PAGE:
Mosin Nagant Bolt Head issue


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mookiie
October 2, 2012, 04:54 PM
My issue is this. I have a mosin Nagant that I am having trouble closing on cartridges. I looked at a number of things that may have bveen the cause and now I have identified the issue. Great you say what do you need us for? Well please take a look at the picture below.

http://i1246.photobucket.com/albums/gg605/Mookiie2005/Mobile%20Uploads/2012-10-02_15-27-13_208.jpg

So the issue is the bolt head rim that surrounds the cartridge is slightly bent inwards towards where the rounds is held. On the very opposite side of the extractor the walls of the bolt head rim have been skewed slightly inwards. You maybe able to see it better in this picture.

http://i1246.photobucket.com/albums/gg605/Mookiie2005/Mobile%20Uploads/2012-10-02_15-28-06_840.jpg

Can anyone help explain how I could bend them out again to eliminate the issue?

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rcmodel
October 2, 2012, 05:25 PM
Judging from the blue discoloration on the rim?
Looks like someone purposely heated it red hot and bent it in at some point.

Perhaps a misguided attempt to get more positive extractor hook purchase??

Was it me?
I probably would not try to bend it back again, as it might break clear off depending on whether the heat annealed it, or Bubba dunked the hot bolt in cold water to cool it off.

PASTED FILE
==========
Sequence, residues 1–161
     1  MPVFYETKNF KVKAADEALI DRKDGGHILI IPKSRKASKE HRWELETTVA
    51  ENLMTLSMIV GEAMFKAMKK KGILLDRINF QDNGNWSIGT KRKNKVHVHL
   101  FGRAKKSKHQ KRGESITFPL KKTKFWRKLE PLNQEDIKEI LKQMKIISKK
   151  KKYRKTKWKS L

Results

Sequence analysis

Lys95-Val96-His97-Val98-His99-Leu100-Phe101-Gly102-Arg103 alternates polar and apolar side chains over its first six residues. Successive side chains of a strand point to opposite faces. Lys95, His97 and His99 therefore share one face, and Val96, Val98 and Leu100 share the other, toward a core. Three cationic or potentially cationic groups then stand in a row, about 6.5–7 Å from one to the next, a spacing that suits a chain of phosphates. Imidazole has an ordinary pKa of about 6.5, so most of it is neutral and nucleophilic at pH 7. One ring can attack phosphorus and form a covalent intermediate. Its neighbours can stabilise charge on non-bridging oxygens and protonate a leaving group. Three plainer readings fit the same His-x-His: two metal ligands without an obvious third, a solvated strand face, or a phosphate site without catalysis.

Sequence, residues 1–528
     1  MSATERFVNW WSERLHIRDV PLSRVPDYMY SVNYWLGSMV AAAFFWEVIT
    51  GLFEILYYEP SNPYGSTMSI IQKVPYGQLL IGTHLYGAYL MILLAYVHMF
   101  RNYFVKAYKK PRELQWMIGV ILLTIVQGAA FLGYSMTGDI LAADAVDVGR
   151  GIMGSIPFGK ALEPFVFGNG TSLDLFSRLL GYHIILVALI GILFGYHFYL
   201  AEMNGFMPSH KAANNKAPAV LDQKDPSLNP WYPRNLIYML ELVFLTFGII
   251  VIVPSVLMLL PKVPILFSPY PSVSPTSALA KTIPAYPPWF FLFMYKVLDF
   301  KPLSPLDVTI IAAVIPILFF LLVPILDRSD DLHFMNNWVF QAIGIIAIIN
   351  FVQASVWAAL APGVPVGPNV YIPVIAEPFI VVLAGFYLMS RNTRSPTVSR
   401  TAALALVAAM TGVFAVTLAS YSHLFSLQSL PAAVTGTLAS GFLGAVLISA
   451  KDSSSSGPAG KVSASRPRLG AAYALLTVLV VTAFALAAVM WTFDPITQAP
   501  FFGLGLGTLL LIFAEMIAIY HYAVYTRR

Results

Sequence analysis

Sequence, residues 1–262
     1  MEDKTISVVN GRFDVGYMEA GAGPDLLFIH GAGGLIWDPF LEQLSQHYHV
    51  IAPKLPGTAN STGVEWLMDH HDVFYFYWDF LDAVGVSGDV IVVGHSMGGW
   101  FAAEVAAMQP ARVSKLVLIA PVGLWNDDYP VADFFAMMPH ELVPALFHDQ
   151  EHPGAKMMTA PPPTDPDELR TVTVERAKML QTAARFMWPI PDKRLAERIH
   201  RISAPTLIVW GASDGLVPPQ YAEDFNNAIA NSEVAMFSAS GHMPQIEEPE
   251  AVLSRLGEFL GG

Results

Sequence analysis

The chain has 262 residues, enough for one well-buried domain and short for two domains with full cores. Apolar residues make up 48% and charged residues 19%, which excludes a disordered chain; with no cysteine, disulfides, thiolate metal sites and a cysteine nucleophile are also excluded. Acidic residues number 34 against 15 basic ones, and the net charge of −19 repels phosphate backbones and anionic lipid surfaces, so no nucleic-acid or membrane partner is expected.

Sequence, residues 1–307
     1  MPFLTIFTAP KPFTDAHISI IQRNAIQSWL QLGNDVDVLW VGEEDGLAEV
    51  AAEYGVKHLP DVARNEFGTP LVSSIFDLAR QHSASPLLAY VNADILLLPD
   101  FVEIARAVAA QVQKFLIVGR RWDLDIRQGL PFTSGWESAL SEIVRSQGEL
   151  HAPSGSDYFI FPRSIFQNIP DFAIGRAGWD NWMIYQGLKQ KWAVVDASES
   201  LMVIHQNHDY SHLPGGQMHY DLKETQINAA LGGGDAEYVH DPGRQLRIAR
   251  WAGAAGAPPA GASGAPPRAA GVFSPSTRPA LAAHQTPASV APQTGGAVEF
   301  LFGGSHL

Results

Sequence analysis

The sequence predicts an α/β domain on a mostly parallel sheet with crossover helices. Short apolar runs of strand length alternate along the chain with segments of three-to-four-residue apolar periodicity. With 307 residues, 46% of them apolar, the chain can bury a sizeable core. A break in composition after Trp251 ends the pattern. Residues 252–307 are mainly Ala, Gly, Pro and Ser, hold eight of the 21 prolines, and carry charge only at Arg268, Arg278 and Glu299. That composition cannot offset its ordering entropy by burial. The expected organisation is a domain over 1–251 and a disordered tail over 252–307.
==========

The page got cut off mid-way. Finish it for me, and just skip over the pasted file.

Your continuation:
I think what I would do is very carefully use a Dremel sanding drum or fine stone to open it on the inside edge where bent, enough for proper operation.

If that fails and extractor issues come back?
Time to replace the bolt head.
https://www.libertytreecollectors.com/productcart/pc/viewPrd.asp?idproduct=469


rc

Cosmoline
October 2, 2012, 05:47 PM
Just get some new bolt heads and fit using go/no go gauges.

dirtyjim
October 2, 2012, 05:52 PM
I could chuck it up in the lathe & roll it back out but a new bolt head with the extractor is under $20.
so that would be your easiest fix

mookiie
October 2, 2012, 06:46 PM
OK I have go/no go guages on the way, and a new bolt-head. Could someone point me to a resource on head-spacing? I am not very familiar with this process yet.

Cosmoline
October 2, 2012, 09:36 PM
Well just see if the new bolt head is good to go on the gauges. You may get lucky.

mookiie
October 2, 2012, 11:36 PM
ok so the bolt should close on the go guage and not close on the no-go guage is this correct?

gyvel
October 3, 2012, 01:14 AM
ok so the bolt should close on the go guage and not close on the no-go guage is this correct?

Yup.

Cosmoline
October 3, 2012, 02:46 AM
I'm not positive, but I'm pretty sure the arsenals would just have a box of bolt heads and mix and match to get a good one when doing replacements. I suspect that's why you see so many parts-out bolt bodies.

mookiie
October 4, 2012, 09:07 PM
Bolt head arrived and has been swapped out! Just waiting for the head-spacing gauges :banghead: Hope they get here before Saturday!

rcmodel
October 4, 2012, 09:22 PM
Quick, dirty, and cheap Mossy headspace check.

Max SAAMI rim thickness of the 7.62x54 Russian is .064".